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Destination: Hawaii / Maui

Going With the Flows : Volcanoes gave birth to the island chain, and in one park, the delivery continues

June 16, 1996|MICHAEL C. MILSTEIN | Milstein is a freelance writer based in Cody, Wyo

HAWAII VOLCANOES NATIONAL PARK, Hawaii — Since I had been bringing up the rear of our group, plodding over the rough-and-tumble lava landscape along the southern coast of Hawaii's Big Island, I was surprised to hear feet crunching rocks behind me. But when I turned to look, nobody was around.

It was a bit disconcerting to find that the sound, something like the shattering of wine glasses, was actually the tinkling of silvery flakes shed by a tongue of fresh lava as it cooled from flame-orange to metallic-gray.

Cool, in this instance, is a relative term. Molten rock approaches 2,100 degrees Fahrenheit (a rough figure, since lava tends to melt thermometers), and even after it solidifies gives off more heat than the Hawaiian sun. Kilauea Iki, a nearby crater we later hiked through, was flooded by molten rock more than three decades ago. It steams on today.

Walking amid new lava flows spewed from the broad flanks of Kilauea, the most active volcano in Hawaii Volcanoes National Park, was like touring a blast furnace of creation. Nearly all the terrain had been created since the fall of the Roman Empire. Under our feet, still warm to the touch, was the newest earth on Earth.

"Watch your step," said Christina Heliker, a federal geologist leading us. "No one's been this way before."

Wasn't that the truth.


Volcanoes gave birth to the main islands of the Hawaiian archipelago within the last 5 million years, no more than a tick on the geologic clock. For a close look at their innermost architecture, there are two places to go: Hawaii Volcanoes National Park on the Big Island and Haleakala National Park on the island of Maui. At these two parks you can warm your toes on fresh lava in the morning and dig them into a sandy beach the same afternoon. Or sleep in a clapboard cabin above the clouds, in the belly of a dormant volcano and then, at dawn, watch the sun burst out of the ocean, 7,000 vertical feet--more than a mile--below you.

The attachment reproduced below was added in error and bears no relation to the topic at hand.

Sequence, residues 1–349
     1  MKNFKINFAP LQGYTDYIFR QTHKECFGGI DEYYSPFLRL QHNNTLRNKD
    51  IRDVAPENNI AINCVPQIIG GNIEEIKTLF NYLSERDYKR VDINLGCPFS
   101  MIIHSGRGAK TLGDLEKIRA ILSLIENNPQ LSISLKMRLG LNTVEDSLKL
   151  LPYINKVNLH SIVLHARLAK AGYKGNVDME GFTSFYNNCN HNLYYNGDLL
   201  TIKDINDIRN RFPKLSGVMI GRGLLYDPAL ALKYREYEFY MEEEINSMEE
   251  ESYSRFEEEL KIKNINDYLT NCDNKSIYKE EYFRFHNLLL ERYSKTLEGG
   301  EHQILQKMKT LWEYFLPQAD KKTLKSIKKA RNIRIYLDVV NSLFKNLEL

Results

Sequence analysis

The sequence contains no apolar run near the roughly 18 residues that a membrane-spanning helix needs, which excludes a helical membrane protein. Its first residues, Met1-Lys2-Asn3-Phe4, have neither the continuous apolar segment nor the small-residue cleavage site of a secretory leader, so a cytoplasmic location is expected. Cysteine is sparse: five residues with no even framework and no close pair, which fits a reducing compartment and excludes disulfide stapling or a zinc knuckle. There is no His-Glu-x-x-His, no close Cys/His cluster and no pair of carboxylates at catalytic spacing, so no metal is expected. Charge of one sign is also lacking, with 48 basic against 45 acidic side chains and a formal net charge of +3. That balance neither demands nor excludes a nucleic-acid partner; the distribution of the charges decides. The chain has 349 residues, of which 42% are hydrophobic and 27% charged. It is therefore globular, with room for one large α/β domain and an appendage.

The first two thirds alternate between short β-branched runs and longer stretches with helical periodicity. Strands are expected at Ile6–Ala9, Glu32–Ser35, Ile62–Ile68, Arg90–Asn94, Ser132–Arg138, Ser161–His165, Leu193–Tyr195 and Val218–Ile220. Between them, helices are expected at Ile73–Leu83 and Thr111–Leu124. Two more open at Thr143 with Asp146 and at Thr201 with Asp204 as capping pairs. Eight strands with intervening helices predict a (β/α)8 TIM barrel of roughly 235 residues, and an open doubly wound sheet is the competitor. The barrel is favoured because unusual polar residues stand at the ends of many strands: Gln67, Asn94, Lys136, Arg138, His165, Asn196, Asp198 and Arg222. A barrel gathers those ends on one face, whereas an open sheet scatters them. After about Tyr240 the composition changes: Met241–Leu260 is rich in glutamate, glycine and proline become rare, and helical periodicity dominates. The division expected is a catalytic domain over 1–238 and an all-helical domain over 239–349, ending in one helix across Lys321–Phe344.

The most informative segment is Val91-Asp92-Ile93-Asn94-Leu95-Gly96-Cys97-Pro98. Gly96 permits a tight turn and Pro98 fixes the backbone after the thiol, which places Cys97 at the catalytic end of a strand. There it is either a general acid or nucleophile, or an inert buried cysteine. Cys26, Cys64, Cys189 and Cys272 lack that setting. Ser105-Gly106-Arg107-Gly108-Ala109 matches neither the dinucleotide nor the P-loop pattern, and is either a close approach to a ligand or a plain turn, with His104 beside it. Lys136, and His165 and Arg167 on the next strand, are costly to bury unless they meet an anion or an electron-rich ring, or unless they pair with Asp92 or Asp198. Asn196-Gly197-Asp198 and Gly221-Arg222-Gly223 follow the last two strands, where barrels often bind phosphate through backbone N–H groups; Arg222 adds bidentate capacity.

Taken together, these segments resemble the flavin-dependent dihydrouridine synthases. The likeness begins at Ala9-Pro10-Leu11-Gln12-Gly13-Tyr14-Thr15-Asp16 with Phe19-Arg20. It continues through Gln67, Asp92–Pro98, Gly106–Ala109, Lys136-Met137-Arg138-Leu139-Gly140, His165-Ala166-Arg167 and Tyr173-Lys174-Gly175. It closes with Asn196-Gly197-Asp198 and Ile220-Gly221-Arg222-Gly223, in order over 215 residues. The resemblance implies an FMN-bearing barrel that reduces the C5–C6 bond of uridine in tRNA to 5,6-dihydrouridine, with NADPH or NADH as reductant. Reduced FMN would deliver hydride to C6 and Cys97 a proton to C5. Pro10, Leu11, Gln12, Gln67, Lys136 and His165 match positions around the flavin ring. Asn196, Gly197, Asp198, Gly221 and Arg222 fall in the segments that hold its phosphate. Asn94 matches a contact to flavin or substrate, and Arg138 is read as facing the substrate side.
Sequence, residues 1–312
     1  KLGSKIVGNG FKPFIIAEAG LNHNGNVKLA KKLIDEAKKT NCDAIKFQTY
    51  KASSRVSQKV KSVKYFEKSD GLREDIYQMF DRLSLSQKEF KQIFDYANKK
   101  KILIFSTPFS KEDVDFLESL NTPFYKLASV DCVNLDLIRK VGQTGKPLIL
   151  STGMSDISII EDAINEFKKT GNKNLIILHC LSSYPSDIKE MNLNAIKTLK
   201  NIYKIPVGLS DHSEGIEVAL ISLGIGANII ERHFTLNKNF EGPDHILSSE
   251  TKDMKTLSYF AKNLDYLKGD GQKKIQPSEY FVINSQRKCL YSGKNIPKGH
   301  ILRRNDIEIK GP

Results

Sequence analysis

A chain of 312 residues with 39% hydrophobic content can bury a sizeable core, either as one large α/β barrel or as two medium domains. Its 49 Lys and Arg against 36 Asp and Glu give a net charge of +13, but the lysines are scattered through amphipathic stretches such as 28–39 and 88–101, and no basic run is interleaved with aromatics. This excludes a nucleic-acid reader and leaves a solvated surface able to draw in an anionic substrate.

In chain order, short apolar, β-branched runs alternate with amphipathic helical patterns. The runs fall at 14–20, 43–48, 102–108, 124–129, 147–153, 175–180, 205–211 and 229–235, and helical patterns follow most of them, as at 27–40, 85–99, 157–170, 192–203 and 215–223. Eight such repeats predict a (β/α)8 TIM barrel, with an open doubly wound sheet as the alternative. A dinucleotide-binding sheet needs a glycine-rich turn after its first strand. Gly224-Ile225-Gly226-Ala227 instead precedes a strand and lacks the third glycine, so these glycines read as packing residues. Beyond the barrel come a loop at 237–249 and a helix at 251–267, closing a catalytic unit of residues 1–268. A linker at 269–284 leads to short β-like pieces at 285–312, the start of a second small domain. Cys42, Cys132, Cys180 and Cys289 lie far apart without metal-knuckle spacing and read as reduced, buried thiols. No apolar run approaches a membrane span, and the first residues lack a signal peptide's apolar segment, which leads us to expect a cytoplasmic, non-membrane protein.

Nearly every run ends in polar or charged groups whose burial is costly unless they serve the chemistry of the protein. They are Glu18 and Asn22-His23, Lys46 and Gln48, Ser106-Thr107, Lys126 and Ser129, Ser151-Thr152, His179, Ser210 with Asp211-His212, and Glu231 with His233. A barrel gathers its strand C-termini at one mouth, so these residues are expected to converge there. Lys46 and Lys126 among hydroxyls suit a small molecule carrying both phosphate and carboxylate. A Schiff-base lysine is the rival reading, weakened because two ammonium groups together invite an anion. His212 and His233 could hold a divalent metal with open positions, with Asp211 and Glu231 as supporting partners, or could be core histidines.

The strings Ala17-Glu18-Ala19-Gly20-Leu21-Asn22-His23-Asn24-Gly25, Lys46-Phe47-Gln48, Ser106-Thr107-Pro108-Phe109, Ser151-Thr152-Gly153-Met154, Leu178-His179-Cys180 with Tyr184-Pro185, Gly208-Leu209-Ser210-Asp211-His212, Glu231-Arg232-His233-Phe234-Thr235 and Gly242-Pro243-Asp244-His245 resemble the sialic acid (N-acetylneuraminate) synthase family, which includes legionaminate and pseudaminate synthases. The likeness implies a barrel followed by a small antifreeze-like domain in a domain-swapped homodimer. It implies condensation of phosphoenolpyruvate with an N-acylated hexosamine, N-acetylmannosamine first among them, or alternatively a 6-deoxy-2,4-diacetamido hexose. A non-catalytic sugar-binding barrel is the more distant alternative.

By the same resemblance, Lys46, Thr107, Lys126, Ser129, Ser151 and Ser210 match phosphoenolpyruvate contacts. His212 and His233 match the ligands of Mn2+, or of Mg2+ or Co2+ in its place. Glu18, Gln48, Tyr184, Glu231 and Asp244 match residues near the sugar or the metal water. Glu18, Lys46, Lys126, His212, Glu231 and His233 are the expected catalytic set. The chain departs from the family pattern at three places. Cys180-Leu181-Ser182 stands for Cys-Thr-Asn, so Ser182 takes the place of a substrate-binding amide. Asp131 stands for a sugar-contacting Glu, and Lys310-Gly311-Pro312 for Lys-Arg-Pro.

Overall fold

My wife, Sue, and I set out last summer to explore this unvarnished side of Hawaii. We headed first to the Big Island, where lava is younger than the blacktop on your driveway, then to Maui, where a sparkling bowl of stars over your head echoes the long-ago fireworks of the sleeping volcano called Haleakala.

We did not realize just how close we would get to the powers that be. One of our first clues was the warning sign among our cluster of cabins at Hawaii Volcanoes National Park. "CAUTION," said the sign, fronting a grassy ridge, "Deep earth cracks." We duly selected a cabin at the opposite end of the loop.

Our A-frame cabins were run by the company that also operates Volcano House, a comfortable lodge perched on the lip of Kilauea's crater. Cabin-dwellers get towels, sheets and blankets (even Hawaii turns chilly several thousand feet above sea level), both a double bed and bunk beds, and a $32 price that is a bargain amid the islands' other resorts.

Volcanoes are dynamic places. Steam billowed continually from Kilauea's crater. ("The smell of sulfur is strong," Mark Twain wrote during a visit in 1866, "but not unpleasant to a sinner.")

Kilauea (pronounced: KILL-ah-WAY-ah) has been erupting from a vent on its flanks for a dozen years, its longest eruption in recent centuries, spitting out around 1.5 billion cubic yards of lava--enough to bury nearly 300,000 football fields three feet deep.

Cascading five miles to the sea, the molten rock has slowly added new acreage to the island, precipitating a debate over who owns the freshly baked oceanfront property.

Fountains of lava sometimes shoot thousands of feet into the air, but typical outbursts are more subdued. Most Hawaiian lava is both very hot and fluid like pancake batter. This steady coursing from the deep relieves pressure inside the volcanoes, gases do not build to the point where they cause violent explosions, like the one that in 1980 ripped the top off Mt. St. Helens in Washington state.

Perhaps the relative peacefulness of Hawaiian volcanoes is due to the demeanor of Pele, the Hawaiian goddess of fire. It's a testament to indigenous Hawaiians that their legends explain the creation of the islands as well as any geology textbook. Pele first built the oldest of the islands as her home, so it goes, but then fled the goddess of the sea, constructing new islands as she went. Finally, she arrived at Kilauea, where she continues her home-building today.

This story is reinforced by the displays in the Thomas A. Jaggar Museum. Seismographic squiggles show you Pele is stirring. Since the current eruption began in 1983, she has destroyed a residential subdivision and a national park visitor center designed to educate people about volcanoes.

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